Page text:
Innovative UTI Medication Needed for Children

RECCE 327 fast dosing UTI medication advances in Phase 2 clinical research
by Thao Tang Van
Austin (Precision Vaccinations News)

A new analysis of emergency department (ED) visits for pediatric urinary tract infections (UTIs sheds light on antibiotic prescribing practices, as reported today in the journal Pediatrics.

Published on June 11, 2024, the Research Brief assessed changes in antibiotic prescribing at ED visits for pediatric UTIs from 2011 to 2020 using nationally representative data from the National Hospital Ambulatory Medical Care Survey. A total of 1,083 UTI visits by non-pregnant patients ages 18 and younger were included in the analysis.

Over the study period, trimethoprim-sulfamethoxazole prescriptions declined from 20.6% to 9.9% of visits, while the use of cephalosporins increased from 15.2% to 32.6% of visits, and the use of third-generation cephalosporins (e3GC) remained unchanged.

"Although e3GC use had increased previously, their prescription rate did not significantly change, perhaps reflecting appropriate use in areas with higher resistance," the authors wrote.

"Given their association with the development of resistance, ongoing monitoring and quality improvement will be important."

According to the U.S. CDC, UTIs are common infections in children caused by bacteria, often from the skin or rectum, entering the urethra and infecting the urinary tract. In high-income countries, UTIs affect up to 2.8% of children annually, with recurrence rates ranging from 8% to 30%.

Specifically, recurrent urinary tract infections (rUTIs) pose a significant health concern, particularly among young women. It is estimated that 11.3% of females develop at least one episode of UTI within the first 16 years of life.

A separate announcement today indicates that the next-generation RECCE® 327 intravenous and topical therapy is successfully advancing in phase 2 research. RECCE 327 is being developed to treat severe and potentially life-thretions caused by Gram-positive and Gram-negative bacteria.

Australia-based Recce Pharmaceuticals Limited reports it has completed the dosing of its latest cohort in its Phase I/II UTI/Urosepsis clinical trial, evaluating RECCE® 327 at fast infusion rates.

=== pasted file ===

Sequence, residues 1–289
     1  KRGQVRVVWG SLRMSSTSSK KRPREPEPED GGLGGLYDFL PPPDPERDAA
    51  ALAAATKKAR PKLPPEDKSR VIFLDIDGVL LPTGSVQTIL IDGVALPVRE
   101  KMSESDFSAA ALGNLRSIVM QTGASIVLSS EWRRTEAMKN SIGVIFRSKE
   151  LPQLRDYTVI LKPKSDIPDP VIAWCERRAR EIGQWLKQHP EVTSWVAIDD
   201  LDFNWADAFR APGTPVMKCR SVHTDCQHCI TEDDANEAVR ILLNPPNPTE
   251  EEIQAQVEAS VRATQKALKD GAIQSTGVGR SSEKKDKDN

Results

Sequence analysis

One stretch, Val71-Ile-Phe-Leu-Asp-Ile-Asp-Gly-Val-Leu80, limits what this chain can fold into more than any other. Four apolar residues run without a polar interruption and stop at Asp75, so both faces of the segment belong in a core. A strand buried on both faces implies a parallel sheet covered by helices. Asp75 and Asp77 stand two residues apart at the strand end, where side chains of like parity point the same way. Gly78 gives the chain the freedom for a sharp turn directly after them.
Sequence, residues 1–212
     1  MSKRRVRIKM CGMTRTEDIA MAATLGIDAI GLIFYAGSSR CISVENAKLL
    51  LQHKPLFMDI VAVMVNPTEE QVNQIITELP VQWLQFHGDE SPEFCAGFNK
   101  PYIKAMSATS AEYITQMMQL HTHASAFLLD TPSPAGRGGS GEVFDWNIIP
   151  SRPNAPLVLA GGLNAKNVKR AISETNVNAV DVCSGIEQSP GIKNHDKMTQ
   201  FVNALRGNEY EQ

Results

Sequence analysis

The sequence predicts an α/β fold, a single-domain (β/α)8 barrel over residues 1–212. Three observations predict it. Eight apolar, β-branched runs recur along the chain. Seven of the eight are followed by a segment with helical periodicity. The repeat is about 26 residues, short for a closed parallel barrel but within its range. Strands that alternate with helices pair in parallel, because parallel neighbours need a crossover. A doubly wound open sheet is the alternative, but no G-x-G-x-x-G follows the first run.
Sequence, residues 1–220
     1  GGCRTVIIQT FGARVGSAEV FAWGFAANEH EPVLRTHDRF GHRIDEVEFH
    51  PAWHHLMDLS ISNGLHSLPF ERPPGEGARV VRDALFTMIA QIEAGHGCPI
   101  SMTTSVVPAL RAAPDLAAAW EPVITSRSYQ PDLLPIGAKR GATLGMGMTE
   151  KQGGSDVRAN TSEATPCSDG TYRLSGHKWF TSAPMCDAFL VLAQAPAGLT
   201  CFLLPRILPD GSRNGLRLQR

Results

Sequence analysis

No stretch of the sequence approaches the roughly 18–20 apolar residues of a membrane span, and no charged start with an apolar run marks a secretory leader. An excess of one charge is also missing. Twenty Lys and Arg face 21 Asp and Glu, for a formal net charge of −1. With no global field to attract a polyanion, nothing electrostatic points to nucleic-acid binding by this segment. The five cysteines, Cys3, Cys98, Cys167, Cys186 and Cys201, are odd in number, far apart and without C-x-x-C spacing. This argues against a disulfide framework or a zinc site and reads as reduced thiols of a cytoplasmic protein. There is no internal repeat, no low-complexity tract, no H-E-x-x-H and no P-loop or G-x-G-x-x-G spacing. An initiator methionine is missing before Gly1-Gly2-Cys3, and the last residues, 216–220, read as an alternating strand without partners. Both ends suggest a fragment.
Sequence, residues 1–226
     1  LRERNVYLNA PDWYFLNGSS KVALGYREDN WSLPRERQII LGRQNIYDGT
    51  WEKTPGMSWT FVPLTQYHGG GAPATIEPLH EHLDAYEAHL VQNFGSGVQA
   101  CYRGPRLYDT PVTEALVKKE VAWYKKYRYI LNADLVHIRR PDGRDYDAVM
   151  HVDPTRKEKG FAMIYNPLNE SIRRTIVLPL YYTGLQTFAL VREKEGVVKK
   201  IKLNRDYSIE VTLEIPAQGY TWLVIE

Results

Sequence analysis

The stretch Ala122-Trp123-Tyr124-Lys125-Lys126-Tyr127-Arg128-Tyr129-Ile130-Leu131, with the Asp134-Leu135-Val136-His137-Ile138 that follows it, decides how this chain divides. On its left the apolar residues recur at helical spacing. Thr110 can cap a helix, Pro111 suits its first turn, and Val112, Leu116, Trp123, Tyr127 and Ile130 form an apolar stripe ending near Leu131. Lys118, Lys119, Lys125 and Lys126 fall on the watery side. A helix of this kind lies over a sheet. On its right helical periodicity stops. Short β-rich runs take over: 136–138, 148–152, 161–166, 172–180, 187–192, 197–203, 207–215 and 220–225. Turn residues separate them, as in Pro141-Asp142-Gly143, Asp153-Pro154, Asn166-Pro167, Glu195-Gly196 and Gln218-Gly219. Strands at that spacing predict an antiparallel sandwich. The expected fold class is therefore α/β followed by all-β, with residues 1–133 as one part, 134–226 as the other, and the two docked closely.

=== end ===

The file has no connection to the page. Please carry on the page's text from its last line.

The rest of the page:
An Independent Safety Committee will review and evaluate the data, with preliminary results expected in mid-2024.

Data from this trial is expected to pave the way for a Phase II UTI/Urosepsis efficacy trial, potentially establishing R327 as a frontline treatment.

According to the Company, administering antibiotics through rapid intravenous infusions has proven to be a safe and effective method that significantly impacts patient treatment, reduces wait times, and alleviates nursing workloads worldwide.

Recce's Chief Executive Officer James Graham commented in a press release on June 11, 2024, "We have reached a new milestone in this trial by administering a 4,000mg dose over a fast 20-minute infusion to all subjects, the highest dosage achieved so far in this clinical trial."

"This is a significant step forward in bringing us closer to establishing R327 as a leading treatment for those suffering from UTI/Urosepsis."

The U.S. FDA has awarded RECCE® 327 Qualified Infectious Disease Product designation, labeling it for Fast Track Designation.

From a prevention perspective, a restricted-access oral spray rUTI vaccine (Uromune™ MV140) is available in other countries in 2024, but not in the U.S.

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